Or do devout Mormons usually take their liquids anally, rectally, enema-wise? And so THAT is why the magic underwear goes down THERE?

        1. Is it just your own feces you get the impulse to eat, or is it other people’s too? Is it species specific, or does animal poo trigger you? Is there a black market for celebrity poo? Who’s poo would you do? Do you always vomit?

          I don’t really want to know any of that, but people reading your comments should be warned that you have serious mental problems.

          As an aside, you should have a lot more fear of Progressives. They will turn on you nutjobs first, and then the perverts and retards if they ever get power. You can tell the real libertarians, as they will simply pity you and avoid you until you inevitably start killing small animals.

          1. No answers in the offing about the proper use of magic underwear?

            I haz a sad!!! : (

            1. Do you understand that what you are mocking is simply a personal choice made by millions of people to wear an intimate reminder of their religious covenants every day in such a way that it is not on public display? What are your thoughts on the billions that wear visible religious garb for the exact same purpose? Hindi, Muslims, Jews, Sikhs, Catholics with their iconic crosses? Close to half of the population of the entire world openly wear religious garb or display religious symbols daily. Wouldn’t they be even more worthy of mockery for just putting it out their for any unbeliever to view?

              Perhaps you should think twice before you start shit. We already know you have to think twice after you shit.

              1. As long as religions keep their rosaries OFF of my ovaries, no problem… They are clearly NOT doing that! They deserve blow-back!

                1. Dude, no one is persecuting you. You need help. You have all of the markers of desperate loneliness, mania, and refusal to acknowledge a cogent counter-argument that identify Hihn, lacking only the bold-face type and self-quotations.

                  1. Chuckles the Snarky Piggy
                    September.16.2019 at 3:42 pm… Blah…

                    Go fuck yourself, shit-eater.

                    There you are, persecuting my for my religious beliefs as a shit-eater, obeying the Sacred Holy Bible!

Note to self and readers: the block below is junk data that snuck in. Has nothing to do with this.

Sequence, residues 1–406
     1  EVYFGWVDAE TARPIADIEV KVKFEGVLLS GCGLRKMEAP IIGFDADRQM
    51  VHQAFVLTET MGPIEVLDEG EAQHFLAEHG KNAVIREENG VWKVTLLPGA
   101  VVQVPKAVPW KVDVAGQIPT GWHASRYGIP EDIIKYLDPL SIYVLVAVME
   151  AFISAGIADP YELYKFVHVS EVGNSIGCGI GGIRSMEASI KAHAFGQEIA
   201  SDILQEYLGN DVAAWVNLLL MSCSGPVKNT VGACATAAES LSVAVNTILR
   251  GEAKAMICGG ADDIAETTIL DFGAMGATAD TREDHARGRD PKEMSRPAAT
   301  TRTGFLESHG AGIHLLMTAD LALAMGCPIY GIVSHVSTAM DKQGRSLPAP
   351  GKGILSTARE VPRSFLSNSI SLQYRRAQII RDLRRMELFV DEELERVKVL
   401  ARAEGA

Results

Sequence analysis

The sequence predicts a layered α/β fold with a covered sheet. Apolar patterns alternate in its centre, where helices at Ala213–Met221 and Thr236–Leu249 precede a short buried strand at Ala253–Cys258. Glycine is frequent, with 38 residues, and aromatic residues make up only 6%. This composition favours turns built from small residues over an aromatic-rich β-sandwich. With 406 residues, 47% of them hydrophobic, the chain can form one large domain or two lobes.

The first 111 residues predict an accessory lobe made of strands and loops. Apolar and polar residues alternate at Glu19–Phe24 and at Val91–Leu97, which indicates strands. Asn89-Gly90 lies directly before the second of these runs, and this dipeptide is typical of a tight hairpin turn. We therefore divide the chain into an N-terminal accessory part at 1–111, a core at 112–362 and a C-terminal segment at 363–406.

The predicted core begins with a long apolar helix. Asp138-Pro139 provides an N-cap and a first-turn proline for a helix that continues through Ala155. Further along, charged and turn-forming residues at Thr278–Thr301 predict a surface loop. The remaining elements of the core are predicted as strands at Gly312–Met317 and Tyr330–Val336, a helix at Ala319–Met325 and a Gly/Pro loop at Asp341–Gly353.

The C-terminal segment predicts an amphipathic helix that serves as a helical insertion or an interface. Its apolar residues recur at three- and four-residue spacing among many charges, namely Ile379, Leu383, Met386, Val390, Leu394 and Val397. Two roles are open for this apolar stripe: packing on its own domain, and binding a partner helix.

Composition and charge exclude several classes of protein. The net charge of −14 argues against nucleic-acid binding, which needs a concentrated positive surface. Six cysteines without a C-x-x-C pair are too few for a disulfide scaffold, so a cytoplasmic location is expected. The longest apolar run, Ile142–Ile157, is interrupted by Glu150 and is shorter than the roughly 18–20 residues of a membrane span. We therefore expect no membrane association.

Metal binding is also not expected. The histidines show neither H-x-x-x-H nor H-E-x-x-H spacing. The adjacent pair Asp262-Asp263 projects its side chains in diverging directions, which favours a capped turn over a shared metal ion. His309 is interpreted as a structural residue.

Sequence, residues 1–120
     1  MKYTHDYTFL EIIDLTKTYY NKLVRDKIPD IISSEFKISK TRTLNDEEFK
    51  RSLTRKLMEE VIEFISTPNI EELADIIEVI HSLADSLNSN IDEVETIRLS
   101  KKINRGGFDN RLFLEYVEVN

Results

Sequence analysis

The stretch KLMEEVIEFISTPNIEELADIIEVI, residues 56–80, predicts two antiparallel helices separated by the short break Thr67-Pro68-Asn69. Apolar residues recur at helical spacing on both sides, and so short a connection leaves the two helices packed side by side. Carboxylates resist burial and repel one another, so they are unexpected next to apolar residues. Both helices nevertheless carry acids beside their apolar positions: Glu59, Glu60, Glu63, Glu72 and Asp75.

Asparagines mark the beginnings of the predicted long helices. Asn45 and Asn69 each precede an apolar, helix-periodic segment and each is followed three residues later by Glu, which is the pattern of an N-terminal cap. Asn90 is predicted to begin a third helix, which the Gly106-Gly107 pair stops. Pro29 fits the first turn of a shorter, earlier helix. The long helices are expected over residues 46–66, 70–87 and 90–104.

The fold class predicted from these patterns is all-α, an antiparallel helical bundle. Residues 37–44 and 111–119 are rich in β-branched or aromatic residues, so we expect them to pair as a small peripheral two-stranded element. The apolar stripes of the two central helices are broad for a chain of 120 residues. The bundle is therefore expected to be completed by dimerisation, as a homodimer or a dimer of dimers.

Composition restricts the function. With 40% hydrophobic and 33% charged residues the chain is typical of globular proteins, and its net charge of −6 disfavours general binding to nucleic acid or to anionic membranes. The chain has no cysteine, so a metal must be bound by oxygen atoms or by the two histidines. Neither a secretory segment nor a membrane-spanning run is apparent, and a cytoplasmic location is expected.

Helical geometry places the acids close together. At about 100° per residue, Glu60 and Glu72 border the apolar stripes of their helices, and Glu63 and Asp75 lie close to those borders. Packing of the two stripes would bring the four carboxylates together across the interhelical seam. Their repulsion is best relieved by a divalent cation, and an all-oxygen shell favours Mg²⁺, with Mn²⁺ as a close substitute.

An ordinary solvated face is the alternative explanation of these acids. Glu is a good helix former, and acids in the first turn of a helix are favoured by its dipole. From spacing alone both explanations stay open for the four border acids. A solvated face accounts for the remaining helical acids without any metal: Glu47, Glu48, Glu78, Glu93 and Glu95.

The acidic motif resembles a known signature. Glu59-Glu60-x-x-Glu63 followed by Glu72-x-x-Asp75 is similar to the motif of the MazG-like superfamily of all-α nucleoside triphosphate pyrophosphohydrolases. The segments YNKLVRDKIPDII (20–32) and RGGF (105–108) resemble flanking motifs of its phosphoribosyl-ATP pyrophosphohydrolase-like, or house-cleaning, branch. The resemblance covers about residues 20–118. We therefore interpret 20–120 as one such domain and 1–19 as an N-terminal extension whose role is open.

Buttercup hypocrite snowflake can’t handle it when the shit that HE deals out, comes back to HIM! Buck up, whining crybaby prima donna shitweasel!

  4. Look, if ignorant legislators weren’t allowed to introduce misguided legislation that fails to address non-existent problems what else would they do?

    1. Address real problems with workable solutions?

      Nope, couldn’t say that with a straight face.

  5. This demonstrates the flawed policies resulting from biased agendas.

    The legalization side doesn’t care that there are no conclusive measurables for THC impairment yet they push their recreational agenda forward.

    In the absence of measureables those responsible to enforce public safety laws are left to decide for themselves without scientific basis.


    1. You omitted the prohibitionist side, with its prudishness and superstition. Why?

      1. I did not. They are simply concerned with public safety and don’t care about the absence of science either.

      2. It’s obvious that Allah wants you to just say no.

        1. Allah is a teetotaler but is cool with Hashish. Assasin anyone?

    2. The legalization side doesn’t care that there are no conclusive measurables for THC impairment
      Why would they?

      How about to convict someone of DUI, you need to convince a jury that they were actually impaired, and not simply that they had consumed some substance at some recent time.

      1. That would require having the science to prove impairment.

        Safety is not only about convicting the guilty but preventing injury in the first place. A scientific method to measure impairment.

        1. The justice system is not about safety and never has been.

          1. Get off it. Lots of laws are concerned with public safety.

            1. Hahahahahahehehehehe,hoooo! But, seriously…

        2. OK, but how about we first make a scientific determination of whether stoned drivers are enough of a safety problem to justify having a law against it at all? Then determine what level (if any) of impairment constitutes a danger, then come up with a scientific way to measure it that is reliable and consistent across different people who react differently to THC consumption. Then we can perhaps make a reasonable and rational law that can be fairly and justly enforced. They have the whole thing backwards.

          1. I’m all about science and justice.

            How can one scientifically determine if THC impairment causes injury without first scientifically determining what constitutes THC impairment in people who cause injury?